Wednesday, November 18, 2009

The idea

When I was done with the drawings for my picture book Amandina, my wonderful editor Neal Porter was wondering (being wonderful) if I had any idea for the next story. I did have a few, but at a very rough stage.
In Amandina, Neal especially liked this drawing:

So he told me: why don't you think of a story about a magical suitcase? I thought about it for a couple of weeks and then I went back to him with a manuscript and some quick sketches.

Neal liked what he saw and helped me shape it (here's one of his sophisticated visual suggestions).

After everything was set, I began working on the final drawings.

Tuesday, November 10, 2009


These are the first few spreads in my thumbnail storyboard. The thumbnails are the very first thing I usually put down on paper, after I get an idea for a picture book. They are extremely useful to understand if an idea really has the potential to become a story and then a book. As you can see, the drawings are very small (each thumbnail is about too inches high) and really rough, to say the least. They're actually plain crappy. But they're good enough for me to have, for the first time, the whole story under my eyes. I usually don't show the storyboard to anybody.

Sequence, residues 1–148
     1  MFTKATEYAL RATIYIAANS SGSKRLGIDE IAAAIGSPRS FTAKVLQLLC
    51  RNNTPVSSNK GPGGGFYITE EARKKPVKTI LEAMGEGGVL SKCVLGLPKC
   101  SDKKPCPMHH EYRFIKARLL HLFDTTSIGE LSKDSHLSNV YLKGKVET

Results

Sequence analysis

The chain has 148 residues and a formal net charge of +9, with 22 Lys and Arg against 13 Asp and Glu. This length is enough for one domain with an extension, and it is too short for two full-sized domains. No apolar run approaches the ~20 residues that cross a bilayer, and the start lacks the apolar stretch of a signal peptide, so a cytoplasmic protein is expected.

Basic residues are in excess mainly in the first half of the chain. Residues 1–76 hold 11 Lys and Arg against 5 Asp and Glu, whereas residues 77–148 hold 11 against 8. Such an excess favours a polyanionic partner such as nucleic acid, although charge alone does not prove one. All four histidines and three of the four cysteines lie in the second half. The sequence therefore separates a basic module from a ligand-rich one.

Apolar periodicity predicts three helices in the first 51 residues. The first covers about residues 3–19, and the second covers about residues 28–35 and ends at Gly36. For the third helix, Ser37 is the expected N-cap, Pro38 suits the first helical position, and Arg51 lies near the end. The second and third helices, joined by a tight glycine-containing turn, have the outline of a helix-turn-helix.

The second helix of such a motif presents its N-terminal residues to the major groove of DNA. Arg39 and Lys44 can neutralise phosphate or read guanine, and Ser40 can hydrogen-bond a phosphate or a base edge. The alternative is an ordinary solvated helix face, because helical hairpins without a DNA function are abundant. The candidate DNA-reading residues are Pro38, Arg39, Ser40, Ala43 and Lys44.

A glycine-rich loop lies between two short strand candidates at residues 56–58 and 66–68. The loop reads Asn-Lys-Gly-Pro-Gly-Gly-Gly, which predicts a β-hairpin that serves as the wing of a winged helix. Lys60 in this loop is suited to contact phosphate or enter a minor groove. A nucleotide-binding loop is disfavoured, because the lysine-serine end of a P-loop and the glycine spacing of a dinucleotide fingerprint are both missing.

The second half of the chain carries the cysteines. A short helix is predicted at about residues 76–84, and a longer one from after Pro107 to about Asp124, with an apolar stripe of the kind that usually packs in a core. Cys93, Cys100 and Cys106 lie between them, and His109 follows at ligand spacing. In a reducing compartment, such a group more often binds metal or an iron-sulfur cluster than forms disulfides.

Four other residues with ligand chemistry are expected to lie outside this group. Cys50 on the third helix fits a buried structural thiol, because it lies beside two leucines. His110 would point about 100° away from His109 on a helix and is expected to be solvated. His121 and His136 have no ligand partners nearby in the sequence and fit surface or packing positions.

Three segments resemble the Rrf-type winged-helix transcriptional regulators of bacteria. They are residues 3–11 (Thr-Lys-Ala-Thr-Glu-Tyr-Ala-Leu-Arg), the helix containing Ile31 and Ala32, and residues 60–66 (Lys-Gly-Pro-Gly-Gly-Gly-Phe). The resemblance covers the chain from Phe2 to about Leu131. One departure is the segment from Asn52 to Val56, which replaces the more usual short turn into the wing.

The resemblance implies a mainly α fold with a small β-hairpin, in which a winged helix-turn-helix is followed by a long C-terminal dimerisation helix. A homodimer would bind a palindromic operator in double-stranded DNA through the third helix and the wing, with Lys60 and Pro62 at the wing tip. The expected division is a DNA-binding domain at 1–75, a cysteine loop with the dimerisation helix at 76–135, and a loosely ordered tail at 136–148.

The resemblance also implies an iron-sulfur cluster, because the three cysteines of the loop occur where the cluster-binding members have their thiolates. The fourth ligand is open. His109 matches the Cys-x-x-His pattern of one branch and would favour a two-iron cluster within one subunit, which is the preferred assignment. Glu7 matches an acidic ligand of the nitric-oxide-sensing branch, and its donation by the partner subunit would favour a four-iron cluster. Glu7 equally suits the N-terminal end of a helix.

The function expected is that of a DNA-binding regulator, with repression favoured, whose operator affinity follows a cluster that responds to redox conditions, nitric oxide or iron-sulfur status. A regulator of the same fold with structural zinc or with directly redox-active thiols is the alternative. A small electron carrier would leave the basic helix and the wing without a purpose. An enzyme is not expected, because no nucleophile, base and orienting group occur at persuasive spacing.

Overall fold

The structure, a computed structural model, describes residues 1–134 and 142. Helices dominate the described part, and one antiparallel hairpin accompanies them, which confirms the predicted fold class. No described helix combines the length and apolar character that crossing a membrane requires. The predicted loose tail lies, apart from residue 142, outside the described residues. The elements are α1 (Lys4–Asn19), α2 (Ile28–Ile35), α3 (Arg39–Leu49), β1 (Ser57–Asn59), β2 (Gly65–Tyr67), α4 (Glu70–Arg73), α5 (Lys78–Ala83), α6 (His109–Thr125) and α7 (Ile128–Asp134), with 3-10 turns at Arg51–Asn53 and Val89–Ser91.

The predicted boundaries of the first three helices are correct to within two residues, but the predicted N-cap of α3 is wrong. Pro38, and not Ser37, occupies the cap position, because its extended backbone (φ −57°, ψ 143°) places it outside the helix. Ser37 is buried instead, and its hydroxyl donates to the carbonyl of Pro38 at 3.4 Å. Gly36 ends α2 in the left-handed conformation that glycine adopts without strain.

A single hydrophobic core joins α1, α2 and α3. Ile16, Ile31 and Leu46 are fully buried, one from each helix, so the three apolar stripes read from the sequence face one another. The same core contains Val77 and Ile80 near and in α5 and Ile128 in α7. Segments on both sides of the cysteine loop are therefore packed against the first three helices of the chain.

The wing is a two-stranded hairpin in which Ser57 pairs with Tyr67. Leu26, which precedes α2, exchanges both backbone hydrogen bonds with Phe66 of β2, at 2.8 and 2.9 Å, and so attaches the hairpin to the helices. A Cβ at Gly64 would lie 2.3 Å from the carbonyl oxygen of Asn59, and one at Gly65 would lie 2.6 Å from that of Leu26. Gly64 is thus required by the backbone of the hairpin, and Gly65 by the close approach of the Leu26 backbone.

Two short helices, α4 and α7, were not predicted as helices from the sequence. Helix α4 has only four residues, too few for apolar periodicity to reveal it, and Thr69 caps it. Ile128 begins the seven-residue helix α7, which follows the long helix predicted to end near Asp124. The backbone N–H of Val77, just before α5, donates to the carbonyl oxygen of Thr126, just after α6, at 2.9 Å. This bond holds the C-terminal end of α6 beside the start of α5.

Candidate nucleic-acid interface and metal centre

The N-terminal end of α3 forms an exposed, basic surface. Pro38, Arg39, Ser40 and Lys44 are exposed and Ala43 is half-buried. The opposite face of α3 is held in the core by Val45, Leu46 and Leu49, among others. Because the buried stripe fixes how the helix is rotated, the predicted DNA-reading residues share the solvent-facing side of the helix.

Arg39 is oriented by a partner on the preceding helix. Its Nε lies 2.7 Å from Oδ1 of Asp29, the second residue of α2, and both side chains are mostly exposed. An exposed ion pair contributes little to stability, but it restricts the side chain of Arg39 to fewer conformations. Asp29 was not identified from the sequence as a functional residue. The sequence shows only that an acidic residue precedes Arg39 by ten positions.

Tuesday, October 27, 2009

Some rabbits I like

Oswald the Lucky Rabbit, by Ub Iwerks and Walt Disney.

A rabbit (and his dogfriend) in a carving in the Romanesque church of Saint Mary and Saint David in Kilpeck, Herefordshire, England, 12th century.
Photo by Simon Garbutt (thanks).

The one-eared rabbit Bongo from Life in Hell, by Matt Groening, one of my favorite artists.

A rabbit (or is it a hare?) by Albrecht Dürer. It’s a watercolor and gouache drawing on paper dated 1502, conserved at the Albertina collection in Vienna, Austria.

A revengeful one from Struwwelpeter by Heinrich Hoffmann.

From the picture book Mr. Rabbit and the Lovely Present, written by Charlotte Zolotow and illustrated by Maurice Sendak. First published by Harper&Row in 1962, I think.

My Rabbit.

Roasted rabbit. Feel free to email me for a translation of the recipe.

Monday, October 19, 2009

The jaguar

The jaguar was my favorite animal when I was a kid. At the Natural History Museum in Milan, Italy, where I grew up, there was a wonderful display with a jaguar fighting with an anteater. I was fascinated by it. Anyway, when I began planning the toucan spread for the book, with a scene from an Amazon-like forest, I decided to draw the picture of a jaguar in it. As reference, I don't usually look at photographs as I prefer to use old paintings and prints. I like to see how other artists have interpreted the same things I am about to draw. So, here are a couple of pictures I found, the preparatory sketch, and the final drawing as it appears in the book.

Thursday, October 15, 2009